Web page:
Or are you saying that methods for making new chemicals should not be patent eligible either?

      1. “Is the structure or mix chemical A with chemical B to get chemical C different than mix chemical D with chemical E to get chemical F?”

        That’s not really analogous to his question.

        But then again, I think it’s a silly question.

        “X/2” vs “Y/2” depends on the context of the claim. It could be a non-distinction, like “1 inch gear” vs. “2.54 cm gear”. It could be a obvious variation, like two distinct but equivalent gear trains. Or it could be be a non-obvious difference. It would be evaluated in the same way as any other claim element.

        1. It would be evaluated in the same way as any other claim element.

          Does “magnesium” depend on the “context of the claim”?

          Does “circular” depend on the “context of the claim”?

          etc

          The correct answer is “No, unless you want to wade deep into the metaphysical swamp where ‘arguably’ everything and nothing are equal.”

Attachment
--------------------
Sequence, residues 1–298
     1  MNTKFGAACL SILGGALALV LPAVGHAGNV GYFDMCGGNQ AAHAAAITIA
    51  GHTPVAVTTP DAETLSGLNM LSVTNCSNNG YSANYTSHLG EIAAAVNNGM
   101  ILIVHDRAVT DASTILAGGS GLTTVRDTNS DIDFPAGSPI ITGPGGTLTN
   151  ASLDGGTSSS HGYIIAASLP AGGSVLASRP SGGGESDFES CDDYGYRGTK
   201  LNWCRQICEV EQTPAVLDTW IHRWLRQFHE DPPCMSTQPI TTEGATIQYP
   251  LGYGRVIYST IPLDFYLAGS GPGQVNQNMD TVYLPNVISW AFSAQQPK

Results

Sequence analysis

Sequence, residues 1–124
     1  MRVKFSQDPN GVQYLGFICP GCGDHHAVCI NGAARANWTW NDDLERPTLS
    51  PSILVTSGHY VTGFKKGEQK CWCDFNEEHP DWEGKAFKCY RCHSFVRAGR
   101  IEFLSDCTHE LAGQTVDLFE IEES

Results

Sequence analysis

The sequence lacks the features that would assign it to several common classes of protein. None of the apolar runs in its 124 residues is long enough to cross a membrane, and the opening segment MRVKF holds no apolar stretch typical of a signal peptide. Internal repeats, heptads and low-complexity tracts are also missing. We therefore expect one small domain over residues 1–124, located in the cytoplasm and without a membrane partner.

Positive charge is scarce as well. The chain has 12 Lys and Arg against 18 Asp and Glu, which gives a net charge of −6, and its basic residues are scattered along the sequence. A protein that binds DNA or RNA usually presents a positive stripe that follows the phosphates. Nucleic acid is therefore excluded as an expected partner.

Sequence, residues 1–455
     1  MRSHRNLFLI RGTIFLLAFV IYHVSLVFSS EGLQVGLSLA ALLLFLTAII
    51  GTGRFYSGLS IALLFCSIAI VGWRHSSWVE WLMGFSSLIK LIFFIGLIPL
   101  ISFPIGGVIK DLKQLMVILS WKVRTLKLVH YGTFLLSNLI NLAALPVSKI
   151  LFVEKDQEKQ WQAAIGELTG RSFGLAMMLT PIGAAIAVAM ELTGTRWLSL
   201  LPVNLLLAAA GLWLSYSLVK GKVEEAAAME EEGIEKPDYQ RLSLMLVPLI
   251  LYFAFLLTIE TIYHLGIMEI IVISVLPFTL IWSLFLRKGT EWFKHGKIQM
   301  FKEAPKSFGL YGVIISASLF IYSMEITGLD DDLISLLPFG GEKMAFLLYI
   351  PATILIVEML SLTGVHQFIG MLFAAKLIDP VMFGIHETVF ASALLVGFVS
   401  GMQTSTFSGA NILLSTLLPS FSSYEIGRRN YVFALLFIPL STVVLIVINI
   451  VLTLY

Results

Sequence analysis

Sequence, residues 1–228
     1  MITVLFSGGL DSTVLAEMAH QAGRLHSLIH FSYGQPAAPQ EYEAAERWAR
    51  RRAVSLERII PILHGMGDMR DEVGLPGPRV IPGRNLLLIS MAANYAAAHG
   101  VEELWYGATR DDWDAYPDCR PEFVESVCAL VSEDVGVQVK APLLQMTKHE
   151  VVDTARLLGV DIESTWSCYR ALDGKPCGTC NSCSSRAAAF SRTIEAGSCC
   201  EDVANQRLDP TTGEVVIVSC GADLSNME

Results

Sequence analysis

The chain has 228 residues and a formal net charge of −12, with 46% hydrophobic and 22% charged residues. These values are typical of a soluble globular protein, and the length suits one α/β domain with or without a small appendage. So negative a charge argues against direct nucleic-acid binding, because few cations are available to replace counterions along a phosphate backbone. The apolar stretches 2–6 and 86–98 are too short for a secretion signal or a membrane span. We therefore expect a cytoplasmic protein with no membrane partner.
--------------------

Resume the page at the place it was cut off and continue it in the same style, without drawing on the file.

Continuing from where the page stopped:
When you talk about the “structure” of a mathematical equation you’re talking about “structures” that aren’t “structural” at all. They’re more like sentences but even more abstract. They’re pictographic representations of relationships between symbols.

          It’s difficult enough to deal with claim construction and the like when we’re talking about structures that are objectively physical and describable in those terms. Now you want to introduce a huge class of abstractions into the system? Guess what’s going to happen. Oh wait! We don’t have to guess. We know what’s going to happen: the system melts down and “inventing” turns into the lowest common denominator, i.e., pure scrivening. That’s because there is literally nothing easier than innovating an abstraction or new information or “new” logic (where “new” logic is old logic in a “new” context, i.e., old logic described using words that haven’t been used before).

          It’s weird that this even needs to be explained, here of all places. Normal people don’t have trouble with this. Certain patent lawyers do and its because many of them can not get the kool-aid out of their system.

          The world and scientific progress really does not revolve around us or our clients and we should be grateful for that. Also just because you’re rich and know how to program a computer doesn’t mean that you know what you’re talking about when it comes to other subjects and it doesn’t mean that anybody needs to pay attention to you. That’s not directed at you, Ben. It’s definitely directed at these smug Silly Con Valley cl0 wns (young and old) who I run into and who really are about as shallow, dull and uninteresting as a human can get.